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N59902 accident description

Michigan map... Michigan list
Crash location Unknown
Nearest city Waterford, MI
42.663087°N, 83.387994°W
Tail number N59902
Accident date 04 Dec 1998
Aircraft type Piper PA-31-350
Additional details: None

NTSB Factual Report


On December 4, 1998, at 2045 eastern standard time (est), a Piper PA-31-350, N59902, piloted by an airline transport pilot, was destroyed during a collision with trees, and a subsequent impact with the ground and a post-impact fire. The airplane was flying an instrument landing system (ILS) approach to runway 09R at the Pontiac/Oakland County International Airport, Pontiac, Michigan. The positioning flight was operating under the provisions of 14 CFR Part 91, and was operating on an instrument flight rules (IFR) flight plan. The pilot was fatally injured. The flight departed Lansing, Michigan, exact time unknown.

The pilot of N59902 contacted the Pontiac /Oakland county International Airport's air traffic control tower local controller (local control) at 2044:08 est. At that time the pilot said his airplane was "...established on the ILS." The local controller advised the pilot of the altimeter setting and advised the pilot that "...several aircraft have reported they can see the approach lights but it's real tough finding the runway lights." At 2044:34 the pilot said he would "...check it out for [the local controller]." The local controller gave N59902's pilot the runway wind conditions at 2044:36. The pilot's last transmission was, "Roger that nine oh two." This transmission was made at 2044:42. At 2048:13 the local controller asked N59902's pilot, "Navajo niner zero two you on the ground safely." There were no other transmissions from the pilot of N59902.

A witness near the accident site said he heard airplanes "...coming in for... landing, heading east." He said he heard one airplane coming closer and "...heard it hit something... the engine continued to run with a whop, whop, whop sound, as if the propeller struck something. This sound continued for about 3-5 seconds then the plane crashed with a bright orange glow lighting up the sky." A second witness confirmed this witness' statement. Other witnesses observed the airplane flying a curved flight path before impacting the ground.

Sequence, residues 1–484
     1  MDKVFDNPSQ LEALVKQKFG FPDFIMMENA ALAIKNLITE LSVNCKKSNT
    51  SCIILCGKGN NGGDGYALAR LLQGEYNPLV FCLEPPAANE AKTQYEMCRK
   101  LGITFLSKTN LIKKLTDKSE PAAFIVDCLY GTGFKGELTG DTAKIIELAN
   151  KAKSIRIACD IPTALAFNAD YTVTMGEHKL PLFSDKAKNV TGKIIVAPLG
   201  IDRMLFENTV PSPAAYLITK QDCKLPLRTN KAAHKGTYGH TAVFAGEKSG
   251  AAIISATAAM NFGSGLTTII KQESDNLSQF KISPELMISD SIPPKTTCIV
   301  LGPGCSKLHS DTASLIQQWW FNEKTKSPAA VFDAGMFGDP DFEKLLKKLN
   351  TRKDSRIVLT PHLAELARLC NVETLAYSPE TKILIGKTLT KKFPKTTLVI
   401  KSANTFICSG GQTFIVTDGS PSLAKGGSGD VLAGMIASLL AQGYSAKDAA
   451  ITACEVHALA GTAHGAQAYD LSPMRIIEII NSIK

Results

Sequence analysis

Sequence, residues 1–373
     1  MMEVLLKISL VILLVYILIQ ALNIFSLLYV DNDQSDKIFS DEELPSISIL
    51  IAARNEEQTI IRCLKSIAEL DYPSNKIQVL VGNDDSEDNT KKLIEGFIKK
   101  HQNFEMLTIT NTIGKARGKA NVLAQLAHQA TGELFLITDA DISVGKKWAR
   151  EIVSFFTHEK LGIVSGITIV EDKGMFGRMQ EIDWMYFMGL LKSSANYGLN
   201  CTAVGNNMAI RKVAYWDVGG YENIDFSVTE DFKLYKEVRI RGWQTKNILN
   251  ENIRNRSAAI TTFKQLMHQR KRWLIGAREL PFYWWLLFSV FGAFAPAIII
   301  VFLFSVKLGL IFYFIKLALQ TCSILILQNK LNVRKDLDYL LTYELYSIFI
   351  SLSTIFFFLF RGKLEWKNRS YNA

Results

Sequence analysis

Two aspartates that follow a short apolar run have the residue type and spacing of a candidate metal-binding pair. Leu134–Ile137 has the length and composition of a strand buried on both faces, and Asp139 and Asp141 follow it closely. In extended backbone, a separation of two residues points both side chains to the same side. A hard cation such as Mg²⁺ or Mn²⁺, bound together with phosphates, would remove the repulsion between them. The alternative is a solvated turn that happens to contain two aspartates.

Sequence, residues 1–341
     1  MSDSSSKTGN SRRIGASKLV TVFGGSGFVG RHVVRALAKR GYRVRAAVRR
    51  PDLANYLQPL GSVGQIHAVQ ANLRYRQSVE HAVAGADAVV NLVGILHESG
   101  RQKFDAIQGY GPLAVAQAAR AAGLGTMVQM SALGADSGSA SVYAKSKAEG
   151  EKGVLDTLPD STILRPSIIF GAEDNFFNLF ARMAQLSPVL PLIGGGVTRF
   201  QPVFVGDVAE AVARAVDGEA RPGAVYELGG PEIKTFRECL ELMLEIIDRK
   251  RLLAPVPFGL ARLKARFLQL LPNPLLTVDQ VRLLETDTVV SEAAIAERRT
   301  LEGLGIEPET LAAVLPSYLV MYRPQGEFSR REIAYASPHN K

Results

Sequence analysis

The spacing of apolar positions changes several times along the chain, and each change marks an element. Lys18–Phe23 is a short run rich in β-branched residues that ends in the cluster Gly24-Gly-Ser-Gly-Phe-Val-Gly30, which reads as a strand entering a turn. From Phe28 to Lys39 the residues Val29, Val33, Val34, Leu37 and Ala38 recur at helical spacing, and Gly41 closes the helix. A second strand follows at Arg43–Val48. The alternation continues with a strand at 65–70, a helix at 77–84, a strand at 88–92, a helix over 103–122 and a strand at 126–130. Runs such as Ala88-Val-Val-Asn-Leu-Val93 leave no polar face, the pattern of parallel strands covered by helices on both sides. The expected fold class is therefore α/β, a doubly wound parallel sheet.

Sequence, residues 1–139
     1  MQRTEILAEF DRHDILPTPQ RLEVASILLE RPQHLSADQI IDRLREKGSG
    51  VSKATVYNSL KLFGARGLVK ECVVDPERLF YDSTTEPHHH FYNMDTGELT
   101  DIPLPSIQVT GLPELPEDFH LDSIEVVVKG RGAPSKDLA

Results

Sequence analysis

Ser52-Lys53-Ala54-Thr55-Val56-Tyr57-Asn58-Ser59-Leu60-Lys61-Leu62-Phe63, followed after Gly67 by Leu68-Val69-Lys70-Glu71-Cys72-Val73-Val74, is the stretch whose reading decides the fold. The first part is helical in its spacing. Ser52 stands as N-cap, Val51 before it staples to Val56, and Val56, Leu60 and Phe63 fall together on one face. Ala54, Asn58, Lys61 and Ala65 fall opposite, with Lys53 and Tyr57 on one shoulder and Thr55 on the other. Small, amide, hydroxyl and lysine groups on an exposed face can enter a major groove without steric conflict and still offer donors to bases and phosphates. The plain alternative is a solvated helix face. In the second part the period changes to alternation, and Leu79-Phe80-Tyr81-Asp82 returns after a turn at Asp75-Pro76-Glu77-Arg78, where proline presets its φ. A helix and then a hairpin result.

N59902's pilot received his airline transport pilot certificate on November 19, 1997. He obtained a first class medical certificate on November 9, 1998. There were no limitations on his medical certificate. The pilot passed a 14 CFR Part 135.297 pilot-in-command instrument proficiency check on September 28, 1998, while piloting a Piper PA-34-200T.

According to records provided by the pilot's employer, the pilot information sheet showed the pilot had a total and pilot-in-command time of 1,700 and 1,000 hours respectively. Company pilot records showed the pilot did not fly on December 3, 1998. The company flight records are appended to this report.


N59902's maintenance records showed it had an annual inspection on August 31, 1998, with a total airframe time of 7,758.9 hours. N59902's left and right engines' had 132.6 and 150.8 hours respectively since overhaul at the annual inspection. The two cockpit altimeters were pressure tested on October 1 and 6, 1997, as required by 14 CFR Part 91.411. The transponder was tested as required by 14 CFR Part 91.413 on September 30, 1997. Excerpts of the maintenance records showing these tests are appended to this report.


N59902's wreckage was about one nautical mile west, southwest of runway 09 Right's approach threshold. The impact area was an empty field behind single-family homes. Small trees located about 30 to 50 feet north and northeast of the ground scars north end had branches that were cut at angles between 10 and 20 degrees to the branches' bark surface. Examination of the branches cut surfaces revealed they were moist and flexible.

Impact scars and craters showed the airplane was on an approximate 290 degree heading. The middle crater was about 20 inches deep and had various-sized pieces of plexiglas and what were airframe components that were crushed and torn. The pilot cockpit entrance door was located about 15 feet south of the center crater. The wreckage was positioned about 40 feet southeast of the impact scars and craters. Its heading was 360 degrees. A site drawing is appended to this report.

The airframe was burnt from the empennage forward. The only recognizable airframe components were the empennage, the left and right wing's outboard sections, and the right aileron. The outboard section of the right wing was found about 20 feet east of the burnt airframe. Both wing sections were also fire damaged. The right aileron was found about 40 feet northeast of the burnt airframe. The leading edges of both outboard wing sections were crushed aft.

The left stabilizer and elevator's tips were bent down about 30 degrees. The bend began at the elevator's outboard hinge point. The tip of the vertical stabilizer was bent about 10 degrees to the right. The rotating beacon assembly that is located on the tip was missing.